Thursday, May 6, 2010
Malaysia seeks China's blessing in key trade deal
TAIWAN's leader, Ma Ying-jeou, did something unusual last week. With the next presidential election almost two years away, he held a televised debate with the leader of the opposition Democratic Progressive Party, Tsai Ing-wen, thereby giving her status and the media exposure that she badly wanted.
It was a daring and high-risk move, but he did it because his support ratings were so low that he was having difficulty convincing the electorate that a key economic agreement with China that he has been pushing was in Taiwan's interests.
All indications are that he succeeded in pulling it off.
According to polling by the United Daily News on March 18 -- two years after his election in a 2008 landslide -- his support rating was only 27 per cent. However, after the April 25 debate, it rose to 38 per cent.
The opposition may have lost the debate but it is far from being crushed. The support rating for Tsai is 50 per cent, substantially higher than that for Ma.
While the chances of success for the Economic Cooperation Framework Agreement (ECFA) now look distinctly better, Ma is still weak and any setback in the next two years could turn him into a one-term president. Ironically, that is probably good for him.
Ma has proven a somewhat less-than-inspirational leader, save in the area of cross-straits relations, where he has performed brilliantly. His government over the past two years has concluded 12 agreements with China on such things as flights, food safety, tourism and mutual judicial assistance.
Of course, those achievements were possible only because of China's cooperation. China appreciates Ma's rejection of the pro-independence policies of his predecessor, Chen Shui-bian. But it has made clear that its ultimate goal remains political unification between the island and the mainland.
This topic is always on the minds of Chinese leaders. On Friday, the day President Hu Jintao opened the Shanghai Expo, he declared the exposition the "pride of all Chinese people, including those across the Taiwan Strait" and again called for the two sides to work together to realise the great renaissance of the Chinese nation.
Ma has made it clear that he will discuss only economic, not political, issues. Certainly, he knows that he will not be able to carry the Taiwan public with him it he enters into political negotiations, even if he were so minded.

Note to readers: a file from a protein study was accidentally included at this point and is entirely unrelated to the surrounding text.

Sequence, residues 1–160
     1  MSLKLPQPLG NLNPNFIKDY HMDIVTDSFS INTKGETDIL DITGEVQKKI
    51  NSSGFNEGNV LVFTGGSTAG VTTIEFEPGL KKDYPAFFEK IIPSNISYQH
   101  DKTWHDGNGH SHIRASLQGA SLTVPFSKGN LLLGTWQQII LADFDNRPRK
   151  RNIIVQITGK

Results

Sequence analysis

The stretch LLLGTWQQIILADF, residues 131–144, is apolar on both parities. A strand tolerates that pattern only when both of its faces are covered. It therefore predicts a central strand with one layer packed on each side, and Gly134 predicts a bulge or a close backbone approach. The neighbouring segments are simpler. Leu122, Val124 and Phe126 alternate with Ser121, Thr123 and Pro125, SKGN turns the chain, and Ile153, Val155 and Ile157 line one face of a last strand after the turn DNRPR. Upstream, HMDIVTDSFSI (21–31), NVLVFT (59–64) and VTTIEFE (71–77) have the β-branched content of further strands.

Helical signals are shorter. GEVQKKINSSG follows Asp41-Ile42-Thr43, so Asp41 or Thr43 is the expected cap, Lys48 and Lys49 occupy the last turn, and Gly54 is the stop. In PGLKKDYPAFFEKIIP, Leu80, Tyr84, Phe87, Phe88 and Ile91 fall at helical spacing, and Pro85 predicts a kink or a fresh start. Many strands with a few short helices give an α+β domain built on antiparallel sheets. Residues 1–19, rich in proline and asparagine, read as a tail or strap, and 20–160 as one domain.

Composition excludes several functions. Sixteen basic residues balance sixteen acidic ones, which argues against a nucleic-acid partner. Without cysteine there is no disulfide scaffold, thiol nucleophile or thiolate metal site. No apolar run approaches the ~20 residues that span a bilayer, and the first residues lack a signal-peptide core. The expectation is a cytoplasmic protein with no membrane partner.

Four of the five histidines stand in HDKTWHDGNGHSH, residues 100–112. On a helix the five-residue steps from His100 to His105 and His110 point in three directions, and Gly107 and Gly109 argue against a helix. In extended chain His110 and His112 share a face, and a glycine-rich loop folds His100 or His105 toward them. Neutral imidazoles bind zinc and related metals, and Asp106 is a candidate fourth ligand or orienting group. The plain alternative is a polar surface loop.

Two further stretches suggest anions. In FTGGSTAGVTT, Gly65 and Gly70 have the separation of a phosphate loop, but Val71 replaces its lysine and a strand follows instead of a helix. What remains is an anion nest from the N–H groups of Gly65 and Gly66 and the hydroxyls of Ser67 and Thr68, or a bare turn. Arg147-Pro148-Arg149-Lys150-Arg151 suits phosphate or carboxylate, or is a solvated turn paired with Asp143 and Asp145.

Ma has made no secret of his real reason for negotiating a trade agreement with China. His fear is that Taiwan, like North Korea, will be excluded from the network of trade accords that increasingly links all the other countries of the region. He hopes that once an ECFA with China is done, Taiwan will have China's blessing to sign free trade agreements with other countries.
It is far from clear that Beijing will go along. But the likelihood of Beijing continuing to make concessions to Taiwan is much greater if Ma's domestic political situation appears precarious. In fact, the weaker Ma appears, the more likely China is to shore him up since it does not want the pro-independence opposition party to regain power.
So far, China has been unwilling to budge on the issue of arms sales. Ma, in a recent CNN interview, pointed out something that China has refused to acknowledge: "If the US reduces arms sales to Taiwan below the current level, it will reduce confidence in this part of the world," he said.
"Taiwan needs the arms to defend this country."
China has not yet recognised that the way to win the hearts and minds of the people of Taiwan is not to make them feel weak and vulnerable. It takes confidence for Taiwan to embark on negotiations with China that could prove fruitful in the long term. And Taiwan needs arms to bolster its confidence.
However, even on the arms sales issue, Beijing has been relatively benign towards Taiwan. While Beijing excoriated Washington for selling US$6.4 billion (RM20 billion) in arms to Taiwan, it has not uttered any criticism of Taiwan for having requested the weapons in the first place.
A glimpse into China's position was provided last week at an East-West Centre conference in Hong Kong. Prof Chu Shulong of Tsinghua University told the audience that Taiwan, in fact, had a right to purchase arms from abroad, it was just that no country had the right to sell arms to Taiwan. A more enlightened China would certainly recognise the absurdity of such a position.
By FRANK CHING for The New Straits Times Kuala Lumpur